Dhaka (ILO News) – The International Labour Organization and the Bangladesh Youth and Sports Ministry hosted a National Conference on Youth Employment in Dhaka on 8 April 2012. The event brought together young people with government, employer and worker representatives to discuss the youth employment situation in the country.
Andre Bogui, ILO Country Director for Bangladesh, stressed the need for a strong partnership among the key stakeholders including the government, employers, workers, youth associations, development partners, NGOs and the media.
He said that youth aspirations for decent jobs, inclusive development policies and social justice triggered the surge in youth-led protests across the world.
Rushidan Islam Rahman, Research Director of Bangladesh Institute of Development Studies (BIDS), noted that regular employment declined to 17 percent of total employment in 2010 from 20 percent in 2000.
“In addition, the rate of participation of the youth in the labour force declined from 78 percent in 2006 to 69 percent in 2010,” she said, citing a survey by Bangladesh Bureau of Statistics.
Rushidan also said that young people with school education are facing problems entering the job market due to a lack in access to information related to job and training.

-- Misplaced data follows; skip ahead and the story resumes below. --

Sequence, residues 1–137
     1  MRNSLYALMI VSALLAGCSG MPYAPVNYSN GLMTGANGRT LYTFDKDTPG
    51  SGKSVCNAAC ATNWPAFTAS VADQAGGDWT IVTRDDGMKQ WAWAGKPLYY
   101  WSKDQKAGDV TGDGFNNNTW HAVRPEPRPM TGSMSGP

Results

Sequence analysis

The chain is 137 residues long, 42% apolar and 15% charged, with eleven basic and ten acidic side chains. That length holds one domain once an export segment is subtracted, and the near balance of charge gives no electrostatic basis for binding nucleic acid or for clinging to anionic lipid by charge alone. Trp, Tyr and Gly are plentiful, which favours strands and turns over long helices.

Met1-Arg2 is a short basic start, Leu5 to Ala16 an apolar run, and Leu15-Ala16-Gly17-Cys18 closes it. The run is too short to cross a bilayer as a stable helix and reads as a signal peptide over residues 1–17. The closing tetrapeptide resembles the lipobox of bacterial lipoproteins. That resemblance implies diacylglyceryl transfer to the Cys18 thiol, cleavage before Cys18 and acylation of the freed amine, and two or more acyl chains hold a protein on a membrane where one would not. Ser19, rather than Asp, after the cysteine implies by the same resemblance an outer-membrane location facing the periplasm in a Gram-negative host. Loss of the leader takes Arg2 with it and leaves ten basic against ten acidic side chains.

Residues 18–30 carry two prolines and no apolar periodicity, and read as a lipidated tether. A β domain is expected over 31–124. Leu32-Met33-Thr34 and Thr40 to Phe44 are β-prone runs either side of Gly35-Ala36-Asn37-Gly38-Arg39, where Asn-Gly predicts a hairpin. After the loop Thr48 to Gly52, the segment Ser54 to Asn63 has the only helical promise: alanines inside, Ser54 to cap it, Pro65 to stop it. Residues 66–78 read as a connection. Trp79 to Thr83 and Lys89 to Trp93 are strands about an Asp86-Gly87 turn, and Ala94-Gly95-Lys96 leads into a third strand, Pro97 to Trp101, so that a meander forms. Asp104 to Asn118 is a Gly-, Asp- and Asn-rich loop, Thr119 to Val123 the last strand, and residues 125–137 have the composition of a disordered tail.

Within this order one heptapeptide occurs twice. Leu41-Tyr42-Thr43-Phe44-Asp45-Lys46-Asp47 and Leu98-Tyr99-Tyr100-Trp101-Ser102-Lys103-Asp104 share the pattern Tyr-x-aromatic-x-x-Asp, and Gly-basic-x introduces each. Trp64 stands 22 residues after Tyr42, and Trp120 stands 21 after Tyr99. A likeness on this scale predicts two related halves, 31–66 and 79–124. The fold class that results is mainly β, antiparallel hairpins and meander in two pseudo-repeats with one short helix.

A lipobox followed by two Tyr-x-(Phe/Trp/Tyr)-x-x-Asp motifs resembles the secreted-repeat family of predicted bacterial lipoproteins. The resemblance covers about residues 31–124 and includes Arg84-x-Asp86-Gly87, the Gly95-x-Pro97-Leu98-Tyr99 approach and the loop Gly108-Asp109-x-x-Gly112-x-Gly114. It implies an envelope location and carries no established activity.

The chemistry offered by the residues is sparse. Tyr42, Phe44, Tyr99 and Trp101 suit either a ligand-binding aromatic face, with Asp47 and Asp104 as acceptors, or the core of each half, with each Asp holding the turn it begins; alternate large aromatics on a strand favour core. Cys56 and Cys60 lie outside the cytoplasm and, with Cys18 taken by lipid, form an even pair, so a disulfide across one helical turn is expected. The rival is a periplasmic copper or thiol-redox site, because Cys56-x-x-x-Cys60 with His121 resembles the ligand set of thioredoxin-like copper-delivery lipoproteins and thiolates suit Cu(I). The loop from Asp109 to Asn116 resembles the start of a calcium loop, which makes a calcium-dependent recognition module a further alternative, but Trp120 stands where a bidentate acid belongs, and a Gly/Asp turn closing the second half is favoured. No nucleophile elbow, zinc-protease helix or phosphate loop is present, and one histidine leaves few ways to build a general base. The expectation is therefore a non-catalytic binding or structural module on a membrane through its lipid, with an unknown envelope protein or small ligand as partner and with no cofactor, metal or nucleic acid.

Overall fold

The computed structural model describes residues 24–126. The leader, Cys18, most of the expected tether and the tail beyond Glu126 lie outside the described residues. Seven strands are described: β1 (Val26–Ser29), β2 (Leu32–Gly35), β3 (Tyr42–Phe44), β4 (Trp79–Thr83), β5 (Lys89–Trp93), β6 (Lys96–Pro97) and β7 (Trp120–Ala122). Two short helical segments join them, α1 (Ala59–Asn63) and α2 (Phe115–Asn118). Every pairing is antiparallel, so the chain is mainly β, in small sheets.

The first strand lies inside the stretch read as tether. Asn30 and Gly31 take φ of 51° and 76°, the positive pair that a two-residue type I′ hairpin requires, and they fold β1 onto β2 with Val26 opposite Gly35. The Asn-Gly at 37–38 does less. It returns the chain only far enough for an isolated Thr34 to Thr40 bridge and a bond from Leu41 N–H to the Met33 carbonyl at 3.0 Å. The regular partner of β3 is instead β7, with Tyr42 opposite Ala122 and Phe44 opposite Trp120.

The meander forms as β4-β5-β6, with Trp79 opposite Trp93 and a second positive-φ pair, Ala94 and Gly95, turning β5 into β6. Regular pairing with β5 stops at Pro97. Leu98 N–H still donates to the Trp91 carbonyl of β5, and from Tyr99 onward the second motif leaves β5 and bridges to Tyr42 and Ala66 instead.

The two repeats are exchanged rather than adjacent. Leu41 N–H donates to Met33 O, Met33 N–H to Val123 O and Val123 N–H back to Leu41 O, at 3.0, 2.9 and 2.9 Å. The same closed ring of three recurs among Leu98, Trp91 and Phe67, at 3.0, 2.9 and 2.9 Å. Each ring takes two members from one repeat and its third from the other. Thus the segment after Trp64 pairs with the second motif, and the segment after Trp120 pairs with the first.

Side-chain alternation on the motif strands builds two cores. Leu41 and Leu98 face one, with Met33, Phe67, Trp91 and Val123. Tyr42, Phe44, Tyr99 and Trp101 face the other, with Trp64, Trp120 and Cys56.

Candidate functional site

Kamran T Rahman, member of Bangladesh Employers Association, called upon the government to take target-oriented measures to create new jobs for the youth that will eventually help eliminate poverty.
“In addressing the problem of youth employment, the government needs to formulate and implement policies like introducing mandatory positions such as internship and apprenticeship in every organization to help young people take bigger responsibilities,” he said
Ahad Ali Sarkar, state minister for youth and sports, said the government is responding to the acute unemployment situation, especially the concern over youth employment, by creating new jobs in the manufacturing, farm and services sector.
"Now it is time to make a proper use of the increased labour force to accelerate the economic growth of the country," Ali Sakar added.
About one third of the Bangladesh’s population or more than 50 million people are youths.
45 per cent out of the total 75 million unemployed youth worldwide live in Asia and the Pacific. Young women and men are six times more likely to find themselves unemployed than adults.
The consultation in Dhaka is among 45 national events organized by the ILO around the world throughout March and April 2012 to hear young people’s views on the alarming youth employment situation.